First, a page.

New game plan to keep cops
It's a busy time for Patti Galle, who has three kids on spring break looking for something to do and two exchange students staying at her house as well.
But it's about to get even busier.
Galle and other members of the Keep Our Cops committee will be pounding the pavement to drum up more support for the replacement West Linn police levy.
The levy failed to garner enough votes last November and fell short of the required majority turnout in the March 13 special election despite a 72-percent yes vote. The ballot measure fell just short of fulfilling Oregon's double majority requirement, receiving a 45-percent turnout.
But it gets a third chance in another special election in May.
And that's where Galle and her fellow concerned citizens come in.
'The biggest difference is that we're going to be doing a walking campaign,' Galle said. 'We're going to be canvassing the neighborhood.'
In the March election, Keep Our Cops focused community outreach efforts on phone and mail - e-mail and the old fashioned way. Galle said now that it seems clear that there is overwhelming support for the measure based on the number of yes votes, members can focus solely on getting out the vote. They'll need to get at least 735 more people to vote.
'We feel very confident that people are supportive,' Galle said.
Keep Our Cops Committee Chair Dennis Richey said the plan is to focus a door-to-door effort on the areas of the community that had low turnout.
'My biggest worry is that we probably have reached the majority of those people who pay attention,' Richey said. 'Getting the last 735 to 750 votes is going to be really tough.'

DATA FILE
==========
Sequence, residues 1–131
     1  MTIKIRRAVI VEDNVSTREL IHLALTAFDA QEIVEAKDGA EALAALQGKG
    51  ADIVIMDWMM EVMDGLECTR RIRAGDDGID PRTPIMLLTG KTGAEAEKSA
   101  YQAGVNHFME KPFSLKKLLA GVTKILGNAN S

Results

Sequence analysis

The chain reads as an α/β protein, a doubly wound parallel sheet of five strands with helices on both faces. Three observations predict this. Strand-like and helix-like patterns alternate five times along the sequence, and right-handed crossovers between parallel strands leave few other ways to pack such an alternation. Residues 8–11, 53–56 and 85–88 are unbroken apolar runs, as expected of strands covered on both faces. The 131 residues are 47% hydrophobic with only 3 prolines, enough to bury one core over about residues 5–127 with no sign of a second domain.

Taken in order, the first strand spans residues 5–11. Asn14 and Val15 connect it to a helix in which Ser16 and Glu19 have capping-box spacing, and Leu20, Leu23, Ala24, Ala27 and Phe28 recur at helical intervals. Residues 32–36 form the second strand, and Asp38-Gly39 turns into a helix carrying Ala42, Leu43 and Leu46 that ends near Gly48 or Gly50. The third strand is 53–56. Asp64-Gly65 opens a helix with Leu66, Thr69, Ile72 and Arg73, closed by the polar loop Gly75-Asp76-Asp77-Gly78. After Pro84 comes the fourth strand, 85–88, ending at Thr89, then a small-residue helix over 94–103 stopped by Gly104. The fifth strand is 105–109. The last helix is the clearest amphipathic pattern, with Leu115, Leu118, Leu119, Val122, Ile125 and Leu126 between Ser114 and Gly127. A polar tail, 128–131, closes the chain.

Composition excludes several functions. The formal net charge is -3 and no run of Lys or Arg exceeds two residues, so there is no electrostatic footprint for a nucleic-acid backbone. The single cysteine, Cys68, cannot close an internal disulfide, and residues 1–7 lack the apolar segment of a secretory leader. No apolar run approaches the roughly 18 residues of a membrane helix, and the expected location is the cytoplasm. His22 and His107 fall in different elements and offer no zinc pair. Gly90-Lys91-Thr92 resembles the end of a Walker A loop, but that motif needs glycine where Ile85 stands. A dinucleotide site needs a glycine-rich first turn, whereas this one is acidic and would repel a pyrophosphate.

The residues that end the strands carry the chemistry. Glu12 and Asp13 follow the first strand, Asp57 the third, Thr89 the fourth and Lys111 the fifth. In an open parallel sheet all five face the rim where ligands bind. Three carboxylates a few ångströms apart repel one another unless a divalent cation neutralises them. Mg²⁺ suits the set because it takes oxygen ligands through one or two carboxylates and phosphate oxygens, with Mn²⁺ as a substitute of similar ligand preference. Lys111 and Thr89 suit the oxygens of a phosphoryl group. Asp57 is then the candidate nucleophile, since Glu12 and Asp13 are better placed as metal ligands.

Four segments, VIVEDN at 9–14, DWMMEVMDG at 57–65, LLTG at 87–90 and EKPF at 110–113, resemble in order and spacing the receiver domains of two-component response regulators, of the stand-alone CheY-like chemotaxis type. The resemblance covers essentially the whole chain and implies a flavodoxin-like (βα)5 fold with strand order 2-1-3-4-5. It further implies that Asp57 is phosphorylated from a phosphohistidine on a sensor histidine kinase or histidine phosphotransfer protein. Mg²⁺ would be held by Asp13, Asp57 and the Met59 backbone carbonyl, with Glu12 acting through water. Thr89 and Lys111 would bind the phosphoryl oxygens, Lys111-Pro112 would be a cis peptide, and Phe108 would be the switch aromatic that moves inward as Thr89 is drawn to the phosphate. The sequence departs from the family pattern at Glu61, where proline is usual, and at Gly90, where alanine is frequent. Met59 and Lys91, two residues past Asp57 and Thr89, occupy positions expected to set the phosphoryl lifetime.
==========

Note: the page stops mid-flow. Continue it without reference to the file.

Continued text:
Richey hopes several other ballot issues will also drive more turnout.
'Basically, we did a lot of stuff right the first time,' he said. 'The odds were pretty long when it came to getting a 50-percent turnout with that being the only item on the agenda.'
Meanwhile, the city is drawing up a contingency plan should the turnout for the May election - the levy's last chance for approval - fall short again.
John Atkins, West Linn community services coordinator, said that all city departments have suspended major spending, including hiring, until there is a resolution. Atkins said the police force is down four officers and the library has yet to hire a new director.
Should the levy fail, Atkins said, money from the city's general fund will have to be diverted to maintain the current level of services, affecting mostly the police force.
He said funds that would normally go to the library or parks would be needed to prevent a large reduction in the police force.
But there will undoubtedly be fewer officers on the streets.
'If we have to do without that levy,' Atkins said, 'we have to come up with another $2 million for the police department, which we will not be able to do.'